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Study Notes

Functionalist Views on the Role of Religion

AS, A-Level
AQA, Edexcel, OCR, Eduqas, WJEC

Last updated 15 Sept 2022

Functionalists argue that religion is a conservative force and that this is a positive function for society and for individuals. Religion helps to create social order and maintains the value consensus.

Durkheim, Parsons and Bellah argue that religion performs important functions for society, while Malinowksi argues that it performs an important function for the individual. All agree that religion promotes stability and helps to preserve the status quo and prevent upheaval and rapid social change.

Durkheim and the study of the Arunta

Durkheim conducted a study of the Arunta, an Australian aboriginal tribe’s religious beliefs in order to establish the function of the beliefs and ceremonies and what it really signified.

Durkheim deliberately chose what he considered to be a very primitive religion in order to focus on the essential elements of belief and its functions. He argued that society divided objects and activities into the sacred and the profane. The profane were everyday experiences with a clear function, while the sacred had a greater, collective significance. In the religion Durkheim studied, various “totems” were considered sacred.

From his detailed study of “primitive religion” he identified four key functions of religion in society:

  1. Discipline - Religious rituals impose self-discipline, which encourages individuals to behave sociably and not simply pursue their own selfish course of action, which would be anti-social and destabilising.
  2. Cohesion - The key function is social cohesion: worship brought the community together. Through worship people reaffirm and reinforce the bonds that keep them together.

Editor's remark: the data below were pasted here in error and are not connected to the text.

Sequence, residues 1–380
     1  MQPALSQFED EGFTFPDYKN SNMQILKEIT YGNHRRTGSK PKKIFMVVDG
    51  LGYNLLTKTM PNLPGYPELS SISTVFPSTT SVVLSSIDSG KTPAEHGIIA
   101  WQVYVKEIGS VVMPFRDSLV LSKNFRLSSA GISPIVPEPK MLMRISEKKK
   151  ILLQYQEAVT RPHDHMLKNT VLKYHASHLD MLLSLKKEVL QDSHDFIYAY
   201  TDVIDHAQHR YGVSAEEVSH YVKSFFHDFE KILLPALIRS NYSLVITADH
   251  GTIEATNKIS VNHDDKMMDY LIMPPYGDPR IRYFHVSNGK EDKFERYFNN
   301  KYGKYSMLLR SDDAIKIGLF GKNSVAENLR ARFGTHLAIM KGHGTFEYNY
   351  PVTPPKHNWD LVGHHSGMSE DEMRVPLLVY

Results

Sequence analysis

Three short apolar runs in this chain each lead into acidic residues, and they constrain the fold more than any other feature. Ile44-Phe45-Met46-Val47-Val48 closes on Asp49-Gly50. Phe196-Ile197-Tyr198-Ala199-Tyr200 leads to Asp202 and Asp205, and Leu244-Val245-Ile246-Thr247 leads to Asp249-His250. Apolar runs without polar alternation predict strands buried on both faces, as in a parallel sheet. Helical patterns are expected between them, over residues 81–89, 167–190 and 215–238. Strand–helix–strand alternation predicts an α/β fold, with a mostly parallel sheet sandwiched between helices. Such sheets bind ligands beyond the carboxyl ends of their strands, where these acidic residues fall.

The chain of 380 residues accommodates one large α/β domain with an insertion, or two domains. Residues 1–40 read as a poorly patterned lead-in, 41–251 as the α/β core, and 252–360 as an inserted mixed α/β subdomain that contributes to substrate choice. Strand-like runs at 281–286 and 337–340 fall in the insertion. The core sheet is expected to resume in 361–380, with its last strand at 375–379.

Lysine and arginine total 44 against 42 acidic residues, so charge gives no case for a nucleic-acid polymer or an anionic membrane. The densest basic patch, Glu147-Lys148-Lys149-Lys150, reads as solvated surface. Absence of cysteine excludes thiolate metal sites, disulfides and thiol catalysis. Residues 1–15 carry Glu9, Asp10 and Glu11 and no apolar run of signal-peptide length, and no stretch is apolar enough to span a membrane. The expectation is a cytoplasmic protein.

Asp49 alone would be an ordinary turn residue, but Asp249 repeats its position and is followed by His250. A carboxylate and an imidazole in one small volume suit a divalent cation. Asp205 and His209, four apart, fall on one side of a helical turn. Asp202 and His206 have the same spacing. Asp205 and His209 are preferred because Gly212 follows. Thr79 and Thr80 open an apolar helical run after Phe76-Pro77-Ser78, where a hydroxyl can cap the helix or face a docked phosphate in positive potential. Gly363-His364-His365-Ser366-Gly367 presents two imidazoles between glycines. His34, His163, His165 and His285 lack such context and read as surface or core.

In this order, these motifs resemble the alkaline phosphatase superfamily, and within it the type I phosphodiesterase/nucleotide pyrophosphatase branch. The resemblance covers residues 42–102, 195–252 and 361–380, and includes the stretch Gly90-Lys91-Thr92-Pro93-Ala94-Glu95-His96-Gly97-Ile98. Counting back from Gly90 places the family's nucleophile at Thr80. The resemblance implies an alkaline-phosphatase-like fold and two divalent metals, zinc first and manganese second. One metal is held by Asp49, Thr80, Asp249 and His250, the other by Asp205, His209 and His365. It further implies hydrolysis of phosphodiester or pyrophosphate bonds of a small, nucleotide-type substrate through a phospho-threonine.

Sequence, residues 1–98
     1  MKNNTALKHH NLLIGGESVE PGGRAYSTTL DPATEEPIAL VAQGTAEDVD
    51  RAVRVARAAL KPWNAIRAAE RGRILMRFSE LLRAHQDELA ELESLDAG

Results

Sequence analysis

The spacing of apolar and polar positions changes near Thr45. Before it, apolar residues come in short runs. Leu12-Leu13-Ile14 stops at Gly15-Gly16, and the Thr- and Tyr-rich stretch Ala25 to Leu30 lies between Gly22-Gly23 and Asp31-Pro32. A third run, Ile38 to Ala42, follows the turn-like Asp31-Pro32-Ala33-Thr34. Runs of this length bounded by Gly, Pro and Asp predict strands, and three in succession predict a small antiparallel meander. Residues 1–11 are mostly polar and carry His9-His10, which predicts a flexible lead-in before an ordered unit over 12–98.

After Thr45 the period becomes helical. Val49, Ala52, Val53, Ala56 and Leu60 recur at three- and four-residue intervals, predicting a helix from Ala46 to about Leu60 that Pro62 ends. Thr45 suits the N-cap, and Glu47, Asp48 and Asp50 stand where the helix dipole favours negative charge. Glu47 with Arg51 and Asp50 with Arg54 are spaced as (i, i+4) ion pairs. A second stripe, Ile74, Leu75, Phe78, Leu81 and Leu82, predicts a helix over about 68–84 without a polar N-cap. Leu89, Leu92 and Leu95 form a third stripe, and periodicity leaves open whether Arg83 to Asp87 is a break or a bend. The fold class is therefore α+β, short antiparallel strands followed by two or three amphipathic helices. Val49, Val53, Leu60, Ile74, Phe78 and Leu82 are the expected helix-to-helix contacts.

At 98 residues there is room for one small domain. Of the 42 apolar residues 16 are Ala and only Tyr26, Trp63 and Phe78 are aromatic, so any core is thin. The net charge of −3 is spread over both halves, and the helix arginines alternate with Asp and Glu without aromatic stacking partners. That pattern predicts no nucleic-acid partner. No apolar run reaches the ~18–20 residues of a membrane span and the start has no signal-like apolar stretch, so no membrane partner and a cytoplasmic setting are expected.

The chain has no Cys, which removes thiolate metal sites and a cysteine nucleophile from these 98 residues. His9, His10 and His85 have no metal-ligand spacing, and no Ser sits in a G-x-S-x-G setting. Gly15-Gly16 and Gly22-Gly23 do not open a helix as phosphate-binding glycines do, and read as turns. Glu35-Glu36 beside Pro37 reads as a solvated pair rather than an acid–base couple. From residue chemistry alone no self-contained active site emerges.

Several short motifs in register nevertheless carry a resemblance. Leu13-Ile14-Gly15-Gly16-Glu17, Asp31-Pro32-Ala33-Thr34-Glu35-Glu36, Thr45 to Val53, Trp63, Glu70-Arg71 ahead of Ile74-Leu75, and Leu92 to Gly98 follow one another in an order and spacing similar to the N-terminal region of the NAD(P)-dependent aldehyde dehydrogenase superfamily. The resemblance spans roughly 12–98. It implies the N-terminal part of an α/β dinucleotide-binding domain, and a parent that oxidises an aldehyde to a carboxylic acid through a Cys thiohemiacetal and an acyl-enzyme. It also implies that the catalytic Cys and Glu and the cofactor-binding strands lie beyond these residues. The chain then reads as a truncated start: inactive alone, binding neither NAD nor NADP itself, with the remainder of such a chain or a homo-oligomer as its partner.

3. Vitalising - Durkheim also argued that religious belief maintained traditions, ensuring that the values that are passed down from generation to generation are kept vital and at the heart of the society.
  4. Euphoric - Finally, if members of society were ever to become frustrated or lose their faith, the religion serves to remind them of their place in something much bigger. Again it prevents individuals from becoming anti-social.

Durkheim concluded that when a society came together to worship collectively, what they were really worshipping was society itself. Durkheim recognised that society was becoming less religious and more secular, but he argued that there was still this secular function for religious belief. This was developed in the 1960s by Bellah with his work on Civil Religion.

Bellah (1967) argued that in some modern secular states, people worshipped society in a clear way, still based around symbols, but without the supernatural, divine element of traditional religions. His example is Americanism, the way American society, which was religiously diverse and increasingly secular, coalesced instead around America itself, with the religious symbols being the flag, the national anthem, famous historical figures, etc. While this might not fit everyone’s definition of religion, it performs the same functions that Durkheim identified and promotes social cohesion, order, stability and prevents radical change, again acting as a conservative force. While the USA is the clearest example of this, some sociologists have pointed to how strong association with a royal family reveals a similar sort of civil religion (e.g. the public mourning on the death of Princess Diana in the UK). People can unite around ideas like “God Bless America!” without necessarily all worshipping the same God, or practising the same religion (or practising a religion at all). People can have very different ideas about what happens after death, but can take comfort from someone “dying for their country”.